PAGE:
L. J. B. McArthur

McMaster University, Hamilton, Ontario, Canada

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Publications (14)18.57 Total impact

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    ABSTRACT: The sunphotometer Earth atmosphere measurement (SPEAM-I) experiment was flown on the United States space shuttle Challenger in October, 1984 as part of a group of Canadian experiments referred to as CANEX-I. Measurements of the solar intensity were made through the orbiter side-hatch window at various wavelengths in the visible and near-ultraviolet during a number of terminator crossings using a hand-held, interference filter photometer. Observations at 315 and 324 nm were analyzed to give vertical profiles of ozone at 63.34°S, 91.96°E. These profiles are compared with data from the literature. The success of this experiment points the way to the use of small instruments to make accurate but inexpensive observations of the composition of the upper atmosphere.
    Canadian Journal of Physics 02/2011; 69:1123-1127. · 0.90 Impact Factor
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    V E Fioletov, L J B McArthur, T W Mathews, L Marrett
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    ABSTRACT: Solar UV radiation is a major provider of vitamin D for humans. This study examines the distribution of solar UV radiation weighted according to the vitamin D action spectrum over the USA and Canada. Hourly and daily doses of spectrally integrated UV irradiance using the vitamin D action spectrum were estimated using a statistical relationship between UV irradiance and global solar irradiance, total ozone, and dew point temperature for 45 sites in Canada and 52 in the USA. Brewer spectrophotometer measurements at 12 sites in Canada and 21 sites in the USA were used to validate the obtained results. Different characteristics of the vitamin D action spectrum-weighted UV irradiance distribution over North America are presented in the form of monthly maps and as a data file. The time required to obtain standard vitamin D dose is also calculated for six types of skin.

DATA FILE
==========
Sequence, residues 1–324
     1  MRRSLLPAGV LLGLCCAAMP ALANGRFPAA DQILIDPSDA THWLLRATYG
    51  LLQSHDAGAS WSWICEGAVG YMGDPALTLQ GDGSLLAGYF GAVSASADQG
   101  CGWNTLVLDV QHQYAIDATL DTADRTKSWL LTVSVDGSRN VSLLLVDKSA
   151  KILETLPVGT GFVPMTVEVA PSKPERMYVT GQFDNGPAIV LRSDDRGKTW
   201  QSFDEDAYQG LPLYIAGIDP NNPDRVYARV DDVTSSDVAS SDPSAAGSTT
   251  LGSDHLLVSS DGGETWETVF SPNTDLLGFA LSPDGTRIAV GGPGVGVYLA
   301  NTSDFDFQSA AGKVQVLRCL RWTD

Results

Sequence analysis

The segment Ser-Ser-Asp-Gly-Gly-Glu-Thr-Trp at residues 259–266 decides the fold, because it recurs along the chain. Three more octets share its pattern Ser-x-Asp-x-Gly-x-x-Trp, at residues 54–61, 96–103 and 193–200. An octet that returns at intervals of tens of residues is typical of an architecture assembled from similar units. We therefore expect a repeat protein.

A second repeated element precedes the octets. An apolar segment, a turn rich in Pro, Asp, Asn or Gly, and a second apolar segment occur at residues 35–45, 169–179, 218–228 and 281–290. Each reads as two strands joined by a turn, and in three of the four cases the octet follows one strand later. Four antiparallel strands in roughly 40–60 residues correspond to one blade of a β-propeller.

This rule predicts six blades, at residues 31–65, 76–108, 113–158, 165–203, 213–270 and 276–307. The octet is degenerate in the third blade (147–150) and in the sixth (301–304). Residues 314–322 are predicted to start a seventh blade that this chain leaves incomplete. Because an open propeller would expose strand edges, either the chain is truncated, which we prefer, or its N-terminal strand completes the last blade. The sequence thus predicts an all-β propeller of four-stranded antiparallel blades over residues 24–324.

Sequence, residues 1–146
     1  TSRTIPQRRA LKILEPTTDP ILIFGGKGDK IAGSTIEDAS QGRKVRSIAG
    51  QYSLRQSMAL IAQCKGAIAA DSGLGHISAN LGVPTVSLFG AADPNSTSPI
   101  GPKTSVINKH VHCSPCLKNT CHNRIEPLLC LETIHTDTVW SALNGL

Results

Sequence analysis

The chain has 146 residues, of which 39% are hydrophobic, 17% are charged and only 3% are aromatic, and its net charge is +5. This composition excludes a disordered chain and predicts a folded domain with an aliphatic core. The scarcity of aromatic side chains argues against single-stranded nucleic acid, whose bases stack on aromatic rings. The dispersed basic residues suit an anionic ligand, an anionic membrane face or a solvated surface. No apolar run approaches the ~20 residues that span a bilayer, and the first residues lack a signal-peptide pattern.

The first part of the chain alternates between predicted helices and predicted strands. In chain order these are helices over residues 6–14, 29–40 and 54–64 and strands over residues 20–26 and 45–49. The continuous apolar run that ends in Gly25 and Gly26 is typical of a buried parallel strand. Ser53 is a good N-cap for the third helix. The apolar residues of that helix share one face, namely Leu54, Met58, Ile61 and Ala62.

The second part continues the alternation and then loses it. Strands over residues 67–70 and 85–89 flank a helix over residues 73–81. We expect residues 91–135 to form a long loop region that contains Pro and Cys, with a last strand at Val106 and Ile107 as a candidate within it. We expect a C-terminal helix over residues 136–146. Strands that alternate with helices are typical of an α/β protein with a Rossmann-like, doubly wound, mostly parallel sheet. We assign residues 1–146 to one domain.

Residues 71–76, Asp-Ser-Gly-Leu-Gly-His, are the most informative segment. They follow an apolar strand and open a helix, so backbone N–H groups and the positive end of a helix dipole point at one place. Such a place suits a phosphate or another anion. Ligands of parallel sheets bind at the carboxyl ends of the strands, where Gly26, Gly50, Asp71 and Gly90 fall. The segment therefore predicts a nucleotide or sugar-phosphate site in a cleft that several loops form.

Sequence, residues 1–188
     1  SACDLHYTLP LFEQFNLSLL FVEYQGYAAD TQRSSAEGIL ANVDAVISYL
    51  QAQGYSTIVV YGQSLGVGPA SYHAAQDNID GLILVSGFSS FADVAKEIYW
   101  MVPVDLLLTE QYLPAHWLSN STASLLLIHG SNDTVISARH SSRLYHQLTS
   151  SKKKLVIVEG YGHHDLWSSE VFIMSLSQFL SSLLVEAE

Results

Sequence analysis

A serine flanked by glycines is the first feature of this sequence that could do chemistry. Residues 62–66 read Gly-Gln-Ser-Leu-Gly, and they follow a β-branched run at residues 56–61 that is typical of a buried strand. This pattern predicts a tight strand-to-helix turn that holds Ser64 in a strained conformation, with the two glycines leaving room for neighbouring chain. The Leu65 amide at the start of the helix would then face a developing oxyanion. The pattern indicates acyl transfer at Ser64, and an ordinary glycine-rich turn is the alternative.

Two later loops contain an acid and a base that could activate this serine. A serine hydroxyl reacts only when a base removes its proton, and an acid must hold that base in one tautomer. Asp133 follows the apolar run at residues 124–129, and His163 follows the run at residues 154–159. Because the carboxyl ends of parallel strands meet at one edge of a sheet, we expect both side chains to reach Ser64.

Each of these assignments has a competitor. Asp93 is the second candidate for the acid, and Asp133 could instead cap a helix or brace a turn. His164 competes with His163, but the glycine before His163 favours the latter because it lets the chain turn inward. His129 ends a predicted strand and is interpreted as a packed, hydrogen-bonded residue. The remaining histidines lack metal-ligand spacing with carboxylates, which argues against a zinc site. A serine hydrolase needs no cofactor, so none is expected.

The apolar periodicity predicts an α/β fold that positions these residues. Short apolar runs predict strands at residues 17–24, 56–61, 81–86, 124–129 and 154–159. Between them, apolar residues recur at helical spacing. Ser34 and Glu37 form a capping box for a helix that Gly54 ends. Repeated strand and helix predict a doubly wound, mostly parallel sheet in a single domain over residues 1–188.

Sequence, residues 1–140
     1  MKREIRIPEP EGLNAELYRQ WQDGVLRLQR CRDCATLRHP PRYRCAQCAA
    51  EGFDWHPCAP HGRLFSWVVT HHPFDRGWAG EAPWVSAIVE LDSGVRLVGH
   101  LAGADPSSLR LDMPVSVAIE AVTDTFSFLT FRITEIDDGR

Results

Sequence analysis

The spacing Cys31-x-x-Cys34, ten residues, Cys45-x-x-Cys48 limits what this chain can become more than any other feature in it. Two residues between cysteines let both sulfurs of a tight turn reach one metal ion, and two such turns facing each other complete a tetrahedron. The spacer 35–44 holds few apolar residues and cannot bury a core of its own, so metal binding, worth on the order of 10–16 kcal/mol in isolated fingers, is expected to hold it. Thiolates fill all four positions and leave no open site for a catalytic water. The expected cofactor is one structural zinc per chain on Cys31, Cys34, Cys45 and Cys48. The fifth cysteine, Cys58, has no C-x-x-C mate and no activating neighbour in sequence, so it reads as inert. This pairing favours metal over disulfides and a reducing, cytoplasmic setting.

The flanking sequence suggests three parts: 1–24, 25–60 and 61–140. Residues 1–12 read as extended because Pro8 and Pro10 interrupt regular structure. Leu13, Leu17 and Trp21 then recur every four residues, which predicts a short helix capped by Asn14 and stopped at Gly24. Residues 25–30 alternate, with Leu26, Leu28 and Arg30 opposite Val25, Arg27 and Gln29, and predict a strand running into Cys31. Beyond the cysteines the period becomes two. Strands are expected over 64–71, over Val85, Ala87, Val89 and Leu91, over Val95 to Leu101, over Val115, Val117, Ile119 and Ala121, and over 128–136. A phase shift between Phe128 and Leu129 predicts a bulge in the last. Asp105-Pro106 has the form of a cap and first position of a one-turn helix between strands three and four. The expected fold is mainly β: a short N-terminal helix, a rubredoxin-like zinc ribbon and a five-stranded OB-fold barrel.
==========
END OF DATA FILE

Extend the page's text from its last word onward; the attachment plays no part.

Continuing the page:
Journal of photochemistry and photobiology. B, Biology 08/2010; 100(2):57-66. · 3.11 Impact Factor
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    J. A. DAVIES, R. SCHROEDER, L. J. B. McARTHUR
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    ABSTRACT: Spectral optical depth measurements at Hamilton, Ontario in 1981 and 1983 are used to estimate stratospheric aerosol optical depths and a particle size distribution for the period of maximum stratospheric perturbation by aerosol due to the El Chichon eruption. Results are generally in good agreement with high altitude measurements and estimates. On average, stratospheric optical depth increased by about 0.08 with little spectral variation. Maximum aerosol enhancement occurred between January and May 1983. Mean optical depths for this period were inverted by the constrained linear inversion method of King. The resulting size distribution was similar to the haze H form of the incomplete distribution. It compared favourably with a distribution obtained by inverting NASA CV990 optical depth measurements and was similar to estimates based on direct aerosol measurements by aircraft and balloon.